Explaining the electoral college


Credit: Flickr user omarmartinez22

Pictured above is a map of the United States with the electoral college votes of each state. The electoral college is the system, outlined in the constitution, of choosing, or electing, the President of the United States. Many Americans believe this process is unfair, and it has come under intense controversy in recent years.

Nathan Zhao and Matt Karle

Americans will head to the polls on Tuesday, November 8, 2016 to choose the country’s next president. Voters from across the nation will be faced with a decision that will define the United States government for the next four years. While every vote matters, it isn’t the number of checked boxes on ballots that determines the winner of the presidential race, but a different system entirely: the United States Electoral College.

The Electoral College is the group of citizens, known as electors, who are responsible for deciding the winner of the presidency. The system has been in use for nearly 230 years and is outlined in the United States Constitution. Each state has a set number of electors equal to the number of Congressional representatives of that state.

This means that a state such as Wyoming, with two senators and one house representative, will have three electors and therefore three votes for president. Meanwhile, California has 55 electors. Since the number of House Representatives per state is determined by population, the number of electors is likewise determined by that state’s population.

Electors are selected by political parties in each state and pledge support to a candidate. In 48 states and Washington D.C., the electoral votes are decided by a winner-takes-all system. If the state’s population votes in the majority towards one candidate, all of the electors will be ones that had pledged for that candidate. In two states, Maine and Nebraska, the electors are selected by district majority votes and are then proportioned within the state.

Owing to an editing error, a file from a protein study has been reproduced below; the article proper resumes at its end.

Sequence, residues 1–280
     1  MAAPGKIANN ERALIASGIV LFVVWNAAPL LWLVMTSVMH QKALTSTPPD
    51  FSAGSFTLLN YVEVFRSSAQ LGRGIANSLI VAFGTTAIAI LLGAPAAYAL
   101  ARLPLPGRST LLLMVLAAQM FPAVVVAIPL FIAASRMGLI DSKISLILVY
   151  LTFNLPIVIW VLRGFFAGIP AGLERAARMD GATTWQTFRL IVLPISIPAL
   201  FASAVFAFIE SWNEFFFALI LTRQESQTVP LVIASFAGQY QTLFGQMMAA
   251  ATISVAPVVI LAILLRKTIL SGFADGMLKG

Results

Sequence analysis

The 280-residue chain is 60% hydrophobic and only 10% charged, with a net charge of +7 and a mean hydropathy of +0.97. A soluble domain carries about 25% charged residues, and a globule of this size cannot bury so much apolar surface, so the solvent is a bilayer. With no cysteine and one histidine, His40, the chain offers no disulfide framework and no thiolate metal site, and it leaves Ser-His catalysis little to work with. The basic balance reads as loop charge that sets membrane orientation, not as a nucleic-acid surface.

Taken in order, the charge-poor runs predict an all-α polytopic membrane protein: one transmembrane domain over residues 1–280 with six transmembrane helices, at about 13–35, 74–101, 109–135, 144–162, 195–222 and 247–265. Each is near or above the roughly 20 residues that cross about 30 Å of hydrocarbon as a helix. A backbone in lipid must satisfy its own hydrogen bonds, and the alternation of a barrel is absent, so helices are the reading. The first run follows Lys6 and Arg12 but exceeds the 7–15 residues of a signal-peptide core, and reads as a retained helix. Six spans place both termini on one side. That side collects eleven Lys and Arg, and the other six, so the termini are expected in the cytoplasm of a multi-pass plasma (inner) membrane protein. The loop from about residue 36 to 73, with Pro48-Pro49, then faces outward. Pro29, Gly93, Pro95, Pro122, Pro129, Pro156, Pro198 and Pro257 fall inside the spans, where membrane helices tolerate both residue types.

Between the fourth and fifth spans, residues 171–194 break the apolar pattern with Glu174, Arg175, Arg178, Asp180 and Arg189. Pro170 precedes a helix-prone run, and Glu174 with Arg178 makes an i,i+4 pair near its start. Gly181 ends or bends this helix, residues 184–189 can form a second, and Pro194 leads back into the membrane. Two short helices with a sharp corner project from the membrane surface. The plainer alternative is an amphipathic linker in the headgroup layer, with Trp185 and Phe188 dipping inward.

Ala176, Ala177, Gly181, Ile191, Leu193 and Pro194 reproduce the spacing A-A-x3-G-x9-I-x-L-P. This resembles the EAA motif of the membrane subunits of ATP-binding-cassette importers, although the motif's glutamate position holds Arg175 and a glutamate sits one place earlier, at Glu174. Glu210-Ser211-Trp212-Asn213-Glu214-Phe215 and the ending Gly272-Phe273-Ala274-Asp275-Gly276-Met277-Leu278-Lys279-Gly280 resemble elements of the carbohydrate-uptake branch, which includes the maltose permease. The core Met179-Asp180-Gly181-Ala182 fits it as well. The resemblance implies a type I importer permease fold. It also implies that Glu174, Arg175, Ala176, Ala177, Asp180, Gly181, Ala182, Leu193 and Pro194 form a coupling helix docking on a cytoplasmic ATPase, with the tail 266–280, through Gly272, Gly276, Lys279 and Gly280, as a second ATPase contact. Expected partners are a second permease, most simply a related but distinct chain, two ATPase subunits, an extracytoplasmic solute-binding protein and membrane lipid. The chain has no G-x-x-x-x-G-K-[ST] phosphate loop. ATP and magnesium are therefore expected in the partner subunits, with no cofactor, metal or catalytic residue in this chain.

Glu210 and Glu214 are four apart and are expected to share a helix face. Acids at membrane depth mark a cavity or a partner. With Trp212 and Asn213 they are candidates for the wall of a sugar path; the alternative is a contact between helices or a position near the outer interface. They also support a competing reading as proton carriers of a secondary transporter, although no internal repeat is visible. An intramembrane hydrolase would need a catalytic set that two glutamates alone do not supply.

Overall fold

In order to win, a candidate needs to achieve at least 270 electoral votes.

Although the Electoral College is present and ingrained in the American political system, many Americans do not know what it is. In fact, according to a survey conducted by the Intercollegiate Studies Institute, 43 percent of Americans surveyed do not know what the Electoral College does.

In addition, the survey found that 20 percent of Americans think the Electoral College either “trains those aspiring for higher political office” or “was established to supervise the first televised presidential debates.”

The Electoral College system has faced intense controversy in recent years. Opponents say that it is not “true democracy.” Instead, they see it as a system in which not all votes are equal, since a small group of unknown citizens (the electors) are deciding the vote with no legal obligation to any pledge they make.

It is true that the system of the Electoral College can stray far from the system of popular vote. In one unlikely scenario, a candidate can win through the College with only 22 percent of the nation’s votes. In addition, electors can be “faithless,” and in 26 states face no legal repercussions. A faithless elector will pledge his or her support to a candidate, but will vote for another (or abstain).